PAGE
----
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Light at the End of the Tunnel

Light at the End of the Tunnel One student at a time, Wright State has become one of the country’s leaders in accommodating students with disabilitiesBy Mark FisherDAYTON, OhioWright State University never set out to become one of the nation’s leaders in accommodating students with disabilities. It happened quite by accident — and one student at a time.
Wright State’s first buildings were constructed in a cornfield near Dayton in the mid-1960s and included an underground tunnel system that school officials figured would make moving materials from building to building much more convenient. The tunnels served that purpose well — but they also attracted attention from wheelchair-using students who found  the tunnels gave them easy access to every building on campus. And that was in stark
contrast to buildings at most other colleges of the era, at which wheelchair-using students couldn’t make it through the front door. Word of mouth spread quickly, and within a few years, a sizable proportion of WSU’s students wheeled their way to classes daily. In the early 1970s, Wright State officials recognized they were carving a niche, so they applied for and obtained federal grants to further improve access and better serve students with disabilities.
Today, WSU’s Office of Disability Services serves 550 students out of the school’s total enrollment of more than 14,000. An estimated additional 250-300 students have disabilities but don’t require the office’s regular services, in part because the campus has been built with their needs in mind.
“We don’t claim to hold the recipe or the patent on disability services,” says Jeff Vernooy, director of WSU’s Office of Disability Services, who has worked at Wright State since 1977. “But since 1970, we’ve developed a culture, a way of life, that supports students with disabilities. It really is a part of the fabric of this place.”
The university learns from every new student it accommodates. It was among the first schools to serve students who use ventilators and students who could not speak but who use communications boards or voice outputs on computers. There are new challenges around every corner. “We’re accommodating students who are more and more disabled,” Vernooy says. “We’ve really evolved over the years based on the needs of the population.”
His office provides academic support through a technology center where textbooks can be transferred into alternate formats — read onto a tape or translated into Braille for visually impaired students, or put into a word-processing file better accessed through adaptive computer technology, for example. A certified adaptive computer technology specialist is available.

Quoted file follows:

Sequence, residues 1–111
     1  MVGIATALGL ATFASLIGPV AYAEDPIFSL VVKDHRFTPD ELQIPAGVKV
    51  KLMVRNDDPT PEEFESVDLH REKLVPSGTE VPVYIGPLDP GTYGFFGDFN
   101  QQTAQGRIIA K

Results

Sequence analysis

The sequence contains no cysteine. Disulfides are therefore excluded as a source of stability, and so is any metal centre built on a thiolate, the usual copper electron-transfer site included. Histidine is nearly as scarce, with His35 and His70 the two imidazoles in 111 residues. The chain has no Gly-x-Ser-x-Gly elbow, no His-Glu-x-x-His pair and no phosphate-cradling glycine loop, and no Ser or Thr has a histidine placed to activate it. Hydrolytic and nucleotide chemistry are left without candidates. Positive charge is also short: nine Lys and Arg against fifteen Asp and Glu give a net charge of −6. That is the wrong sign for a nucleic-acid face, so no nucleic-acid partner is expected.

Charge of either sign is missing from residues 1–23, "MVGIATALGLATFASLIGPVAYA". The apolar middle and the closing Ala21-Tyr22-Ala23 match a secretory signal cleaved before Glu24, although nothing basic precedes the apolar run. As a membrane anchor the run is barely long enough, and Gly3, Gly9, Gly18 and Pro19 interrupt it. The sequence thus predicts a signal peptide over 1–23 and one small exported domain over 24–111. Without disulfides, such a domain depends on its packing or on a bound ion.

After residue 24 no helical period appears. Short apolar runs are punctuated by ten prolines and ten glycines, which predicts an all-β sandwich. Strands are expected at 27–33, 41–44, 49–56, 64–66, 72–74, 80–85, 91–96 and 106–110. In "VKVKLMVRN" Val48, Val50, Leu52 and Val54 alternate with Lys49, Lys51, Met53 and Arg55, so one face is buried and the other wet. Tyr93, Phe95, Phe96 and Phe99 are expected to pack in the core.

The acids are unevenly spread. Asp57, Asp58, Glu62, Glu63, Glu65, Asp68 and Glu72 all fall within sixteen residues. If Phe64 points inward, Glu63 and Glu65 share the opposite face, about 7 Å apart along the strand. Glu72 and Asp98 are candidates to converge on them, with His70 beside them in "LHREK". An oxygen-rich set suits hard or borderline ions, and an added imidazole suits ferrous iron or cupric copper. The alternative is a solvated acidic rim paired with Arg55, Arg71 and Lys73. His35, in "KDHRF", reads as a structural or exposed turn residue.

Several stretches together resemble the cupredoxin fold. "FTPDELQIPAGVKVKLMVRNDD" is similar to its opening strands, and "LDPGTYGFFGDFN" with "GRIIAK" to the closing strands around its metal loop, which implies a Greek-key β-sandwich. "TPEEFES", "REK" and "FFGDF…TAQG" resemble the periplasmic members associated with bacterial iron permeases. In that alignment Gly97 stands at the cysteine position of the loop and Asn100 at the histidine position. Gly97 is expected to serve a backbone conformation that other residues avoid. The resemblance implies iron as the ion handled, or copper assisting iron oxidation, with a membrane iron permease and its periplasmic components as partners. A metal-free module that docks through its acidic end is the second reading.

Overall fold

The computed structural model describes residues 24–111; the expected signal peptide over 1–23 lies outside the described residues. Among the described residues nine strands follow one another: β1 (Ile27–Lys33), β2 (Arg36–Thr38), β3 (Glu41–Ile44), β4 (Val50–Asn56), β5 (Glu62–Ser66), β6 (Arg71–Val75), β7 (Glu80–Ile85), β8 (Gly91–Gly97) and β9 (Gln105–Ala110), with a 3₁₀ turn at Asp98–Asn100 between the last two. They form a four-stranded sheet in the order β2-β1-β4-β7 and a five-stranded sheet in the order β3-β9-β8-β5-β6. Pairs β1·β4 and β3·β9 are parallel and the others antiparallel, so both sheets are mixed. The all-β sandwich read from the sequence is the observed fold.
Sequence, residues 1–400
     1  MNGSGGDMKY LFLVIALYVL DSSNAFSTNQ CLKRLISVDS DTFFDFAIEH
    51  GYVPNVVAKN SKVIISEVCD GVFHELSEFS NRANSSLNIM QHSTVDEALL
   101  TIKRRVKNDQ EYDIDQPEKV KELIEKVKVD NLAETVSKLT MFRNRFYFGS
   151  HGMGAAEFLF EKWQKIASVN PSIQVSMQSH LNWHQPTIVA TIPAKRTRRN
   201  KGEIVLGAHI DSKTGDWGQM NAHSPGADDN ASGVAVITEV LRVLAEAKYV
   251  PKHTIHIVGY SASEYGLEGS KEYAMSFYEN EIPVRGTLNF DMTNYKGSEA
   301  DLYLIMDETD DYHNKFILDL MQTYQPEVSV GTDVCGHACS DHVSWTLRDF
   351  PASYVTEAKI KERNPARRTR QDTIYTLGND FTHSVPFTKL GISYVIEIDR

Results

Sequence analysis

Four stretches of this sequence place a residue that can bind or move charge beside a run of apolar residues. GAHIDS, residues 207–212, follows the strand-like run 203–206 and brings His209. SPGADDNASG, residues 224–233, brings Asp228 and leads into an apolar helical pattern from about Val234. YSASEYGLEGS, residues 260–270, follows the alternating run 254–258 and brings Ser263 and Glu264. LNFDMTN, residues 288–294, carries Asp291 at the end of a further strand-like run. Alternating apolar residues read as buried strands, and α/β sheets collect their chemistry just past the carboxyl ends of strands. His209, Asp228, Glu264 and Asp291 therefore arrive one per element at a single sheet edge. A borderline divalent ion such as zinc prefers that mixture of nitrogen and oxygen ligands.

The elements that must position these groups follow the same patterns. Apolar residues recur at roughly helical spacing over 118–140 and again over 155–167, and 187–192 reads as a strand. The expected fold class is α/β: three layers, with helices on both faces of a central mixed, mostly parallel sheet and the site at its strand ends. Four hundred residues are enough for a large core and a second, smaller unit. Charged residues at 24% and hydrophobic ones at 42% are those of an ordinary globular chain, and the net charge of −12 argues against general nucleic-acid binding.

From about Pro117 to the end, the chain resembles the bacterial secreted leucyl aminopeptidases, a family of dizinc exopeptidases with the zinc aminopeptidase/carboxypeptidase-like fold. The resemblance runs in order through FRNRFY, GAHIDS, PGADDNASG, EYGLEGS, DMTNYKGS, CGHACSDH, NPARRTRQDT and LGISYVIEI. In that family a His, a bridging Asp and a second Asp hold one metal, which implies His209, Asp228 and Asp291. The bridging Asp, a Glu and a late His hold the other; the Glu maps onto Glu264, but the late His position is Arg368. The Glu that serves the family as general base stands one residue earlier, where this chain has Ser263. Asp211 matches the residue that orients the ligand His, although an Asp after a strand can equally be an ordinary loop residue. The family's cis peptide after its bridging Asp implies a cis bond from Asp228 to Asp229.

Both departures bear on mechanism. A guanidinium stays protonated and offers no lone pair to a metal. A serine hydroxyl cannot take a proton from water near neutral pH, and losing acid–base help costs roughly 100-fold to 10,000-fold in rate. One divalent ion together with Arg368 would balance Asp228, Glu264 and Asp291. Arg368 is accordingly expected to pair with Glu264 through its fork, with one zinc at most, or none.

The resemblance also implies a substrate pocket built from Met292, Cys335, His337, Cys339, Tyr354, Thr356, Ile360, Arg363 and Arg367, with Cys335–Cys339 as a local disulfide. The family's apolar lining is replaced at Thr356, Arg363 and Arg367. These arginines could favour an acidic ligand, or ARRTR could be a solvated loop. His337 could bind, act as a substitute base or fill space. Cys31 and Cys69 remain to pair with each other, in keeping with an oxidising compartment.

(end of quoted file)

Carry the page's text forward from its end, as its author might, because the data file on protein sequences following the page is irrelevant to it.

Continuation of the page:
A test proctoring program allows students to use adaptive equipment and take exams in a monitored environment free from distraction. If a student taking a test has a question for the professor who is giving the test in another classroom, a “runner” is available to take a cell phone to the professor and allow the student to obtain the needed guidance.
Students with disabilities who cannot take notes effectively can strike a deal with a good note-taker in the class to photocopy notes, Vernooy says.
The note-taker receives a $40 gift certificate to the bookstore from Vernooy’s office at the end of the quarter. Sign-language interpreters also are available for those with hearing impairments. Students with learning disabilities have access to peer tutoring as well as individual or group counseling, and to a special course, “College Coping Strategies.” Embracing High-Technology
While some of the assistance may seem a bit “low-tech,” WSU also has embraced some cutting-edge technology to aid students. In May, Wright State became the first university in the nation to install “Talking Signs” technology in its student union and provide receivers to its visually impaired students. The students hold infrared receivers about the size of a TV remote control while directional transmitters guide them to elevators, stairs, restrooms, the bookstore and other important destinations.
Those holding the receivers can point them around the student union while voice messages that identify the destinations become stronger and clearer as the receiver zeroes in on each transmitter.
Some of Wright State’s visually impaired students have embraced the technology with enthusiasm and made some discoveries using the Talking Signs. Samantha Broshear says she had no idea there was a women’s rest room tucked away in the east end of the student union until her receiver pointed it out to her. Her classmate April Clark never knew there was a second elevator that provided a nifty little shortcut through the same building.